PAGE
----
Blocking out the bullying
“Our lives begin to end the day we become silent about things that matter.” – Martin Luther King Jr.
The verb, “bully” can be defined in Merriam-Webster ‘s dictionary as “to frighten, hurt, or threaten (a smaller or weaker person).” The definition doesn’t specify an age, merely it only suggests being abusive verbally or physically to another individual. Yet, when most think of bullying we only think of what some children face in school, and rightfully so, but also it need to be kept in mind that adults can bully too.
In Dr. King’s quote that I referenced in the beginning, it tells us that not all silence is bliss; it contradicts it, especially when dealing with a subject such as bullying or any other form of inequality.
Far too often, we hear about bullying in the schools and our children see it daily, but there aren’t many movements going on to help combat it other than a few programs the schools offer. Ascension School Board Superintendent Dr. Patrice Pujol has said the schools are making efforts toward combating bullying.
Dr. Pujol wrote in a letter to the community that the schools’ focus have been on communicating with students, parents and personnel through a strategic plan of action: "Recognize Bullying and Report It, Step Up and Stop It! Talk to a Friend. Tell an Adult."
But most importantly, Dr. Pujol and the schools want parents and the community to know the importance of the anti-bullying program and the role they can play in helping to keep schools safe and free of violence.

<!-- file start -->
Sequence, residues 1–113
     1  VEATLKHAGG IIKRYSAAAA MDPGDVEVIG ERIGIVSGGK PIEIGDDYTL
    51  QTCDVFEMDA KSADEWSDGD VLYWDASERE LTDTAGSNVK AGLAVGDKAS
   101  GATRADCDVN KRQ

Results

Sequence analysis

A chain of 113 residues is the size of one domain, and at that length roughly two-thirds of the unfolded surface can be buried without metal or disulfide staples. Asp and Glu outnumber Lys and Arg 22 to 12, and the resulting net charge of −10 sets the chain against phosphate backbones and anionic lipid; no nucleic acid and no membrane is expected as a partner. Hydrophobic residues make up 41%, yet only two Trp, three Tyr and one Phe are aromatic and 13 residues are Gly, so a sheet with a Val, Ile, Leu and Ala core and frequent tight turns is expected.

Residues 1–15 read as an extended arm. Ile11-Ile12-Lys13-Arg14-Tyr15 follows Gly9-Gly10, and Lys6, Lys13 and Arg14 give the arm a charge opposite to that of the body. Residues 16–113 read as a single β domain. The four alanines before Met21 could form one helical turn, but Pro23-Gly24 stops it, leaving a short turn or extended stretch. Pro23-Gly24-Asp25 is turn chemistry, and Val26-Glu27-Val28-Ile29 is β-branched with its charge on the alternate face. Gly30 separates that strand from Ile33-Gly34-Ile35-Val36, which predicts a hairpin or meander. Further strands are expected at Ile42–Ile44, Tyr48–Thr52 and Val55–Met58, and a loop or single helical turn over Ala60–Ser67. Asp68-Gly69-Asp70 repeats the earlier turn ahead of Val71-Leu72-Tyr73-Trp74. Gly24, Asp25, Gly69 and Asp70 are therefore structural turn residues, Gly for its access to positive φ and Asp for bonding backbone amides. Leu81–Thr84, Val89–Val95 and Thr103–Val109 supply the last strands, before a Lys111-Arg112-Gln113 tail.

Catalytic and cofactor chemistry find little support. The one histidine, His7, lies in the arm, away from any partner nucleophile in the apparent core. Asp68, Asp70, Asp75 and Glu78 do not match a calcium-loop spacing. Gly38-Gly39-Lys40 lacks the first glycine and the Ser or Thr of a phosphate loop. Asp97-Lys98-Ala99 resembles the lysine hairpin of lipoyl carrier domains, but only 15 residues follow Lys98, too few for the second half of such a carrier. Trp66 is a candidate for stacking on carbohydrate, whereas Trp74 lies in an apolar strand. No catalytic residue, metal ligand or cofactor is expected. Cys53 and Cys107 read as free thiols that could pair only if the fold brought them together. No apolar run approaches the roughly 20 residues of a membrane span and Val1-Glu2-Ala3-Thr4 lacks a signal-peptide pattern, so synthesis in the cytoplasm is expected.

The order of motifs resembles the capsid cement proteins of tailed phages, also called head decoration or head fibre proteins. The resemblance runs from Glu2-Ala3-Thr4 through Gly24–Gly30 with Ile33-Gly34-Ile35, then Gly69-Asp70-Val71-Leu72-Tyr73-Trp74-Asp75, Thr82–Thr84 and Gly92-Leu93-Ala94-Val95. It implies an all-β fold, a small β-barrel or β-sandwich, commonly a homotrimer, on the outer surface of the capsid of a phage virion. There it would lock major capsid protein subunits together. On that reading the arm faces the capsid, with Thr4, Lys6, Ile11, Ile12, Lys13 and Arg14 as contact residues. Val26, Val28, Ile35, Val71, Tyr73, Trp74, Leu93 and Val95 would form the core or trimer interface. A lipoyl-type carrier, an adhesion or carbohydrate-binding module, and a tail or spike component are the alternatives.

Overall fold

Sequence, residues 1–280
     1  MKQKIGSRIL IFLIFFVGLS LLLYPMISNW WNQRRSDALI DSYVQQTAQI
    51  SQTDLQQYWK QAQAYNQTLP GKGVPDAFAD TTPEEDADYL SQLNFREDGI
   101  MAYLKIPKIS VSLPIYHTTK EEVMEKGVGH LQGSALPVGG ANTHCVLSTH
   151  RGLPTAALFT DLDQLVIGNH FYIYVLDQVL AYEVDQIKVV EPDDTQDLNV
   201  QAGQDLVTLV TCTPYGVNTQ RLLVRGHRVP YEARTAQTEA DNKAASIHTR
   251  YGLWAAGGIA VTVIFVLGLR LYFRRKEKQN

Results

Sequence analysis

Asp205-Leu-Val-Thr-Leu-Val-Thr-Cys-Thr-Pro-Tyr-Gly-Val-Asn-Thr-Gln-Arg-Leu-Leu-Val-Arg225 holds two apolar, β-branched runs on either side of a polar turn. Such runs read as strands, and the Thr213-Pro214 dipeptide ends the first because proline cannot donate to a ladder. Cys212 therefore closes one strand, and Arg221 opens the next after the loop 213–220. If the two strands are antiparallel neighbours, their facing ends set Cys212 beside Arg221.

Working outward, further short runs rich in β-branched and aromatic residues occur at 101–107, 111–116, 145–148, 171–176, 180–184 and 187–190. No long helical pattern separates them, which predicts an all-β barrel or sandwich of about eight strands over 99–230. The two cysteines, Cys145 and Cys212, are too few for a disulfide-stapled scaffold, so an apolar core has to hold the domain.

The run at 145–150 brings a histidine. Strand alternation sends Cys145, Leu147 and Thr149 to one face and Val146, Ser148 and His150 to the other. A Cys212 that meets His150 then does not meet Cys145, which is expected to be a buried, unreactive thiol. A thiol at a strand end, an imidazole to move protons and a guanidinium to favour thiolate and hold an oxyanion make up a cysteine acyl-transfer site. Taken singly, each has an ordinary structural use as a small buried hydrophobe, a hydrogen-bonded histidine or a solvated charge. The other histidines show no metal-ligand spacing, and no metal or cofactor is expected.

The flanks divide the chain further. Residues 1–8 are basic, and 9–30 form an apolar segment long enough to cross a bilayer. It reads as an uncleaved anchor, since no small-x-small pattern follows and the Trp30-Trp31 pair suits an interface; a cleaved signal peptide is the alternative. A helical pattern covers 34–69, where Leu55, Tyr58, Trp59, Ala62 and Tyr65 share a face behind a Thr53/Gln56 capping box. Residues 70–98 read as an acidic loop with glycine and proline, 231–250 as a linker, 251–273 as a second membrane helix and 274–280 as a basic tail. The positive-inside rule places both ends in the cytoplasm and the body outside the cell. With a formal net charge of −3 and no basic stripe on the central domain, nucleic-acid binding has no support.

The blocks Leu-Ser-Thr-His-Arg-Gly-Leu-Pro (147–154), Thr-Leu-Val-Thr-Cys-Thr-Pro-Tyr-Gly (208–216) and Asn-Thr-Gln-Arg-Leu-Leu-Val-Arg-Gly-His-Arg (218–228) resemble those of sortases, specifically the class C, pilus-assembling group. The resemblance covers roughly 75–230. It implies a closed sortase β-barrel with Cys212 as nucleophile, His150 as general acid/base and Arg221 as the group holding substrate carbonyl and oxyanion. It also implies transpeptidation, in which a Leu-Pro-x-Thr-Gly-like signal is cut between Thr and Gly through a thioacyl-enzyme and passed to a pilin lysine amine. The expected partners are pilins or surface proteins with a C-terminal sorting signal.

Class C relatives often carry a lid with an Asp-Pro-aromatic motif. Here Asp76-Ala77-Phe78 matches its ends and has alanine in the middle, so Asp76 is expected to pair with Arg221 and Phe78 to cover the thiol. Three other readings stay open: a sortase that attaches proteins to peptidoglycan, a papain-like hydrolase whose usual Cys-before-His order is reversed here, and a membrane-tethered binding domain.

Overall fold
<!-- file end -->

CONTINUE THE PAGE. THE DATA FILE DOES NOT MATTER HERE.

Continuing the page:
However, we all know it can’t be done if we aren’t saying anything.
On Nov. 15, Face to Face Enrichment Center is partnering with the Spectacular Dancing Divas, LLC to host an Anti-bullying rally in Gonzales. There will be guest speakers and officer personnel to provide words of encouragement and information regarding Ascension Parish's policy on bullying. There will also be an organized march.
Events like this from the community are what we need to eliminate the growing bullying problem. As adults we have to also keep in mind it’s not just the kids who are victims of bullying, but many of us are bullied on the job and in the community by persons who feel they have more authority. If we teach our kids the right way, we can eliminate it from the office place as well, and reduce the number of bullies who grow older and still think it is okay.
When I’m out around the parish, it’s easy to tell who the bullies were in school – they carry the same mentality even at a professional level. So it’s time to recognize bullying, report it, step up and stop it. Doesn’t matter if it’s on behalf of your child or on behalf of yourself as an adult.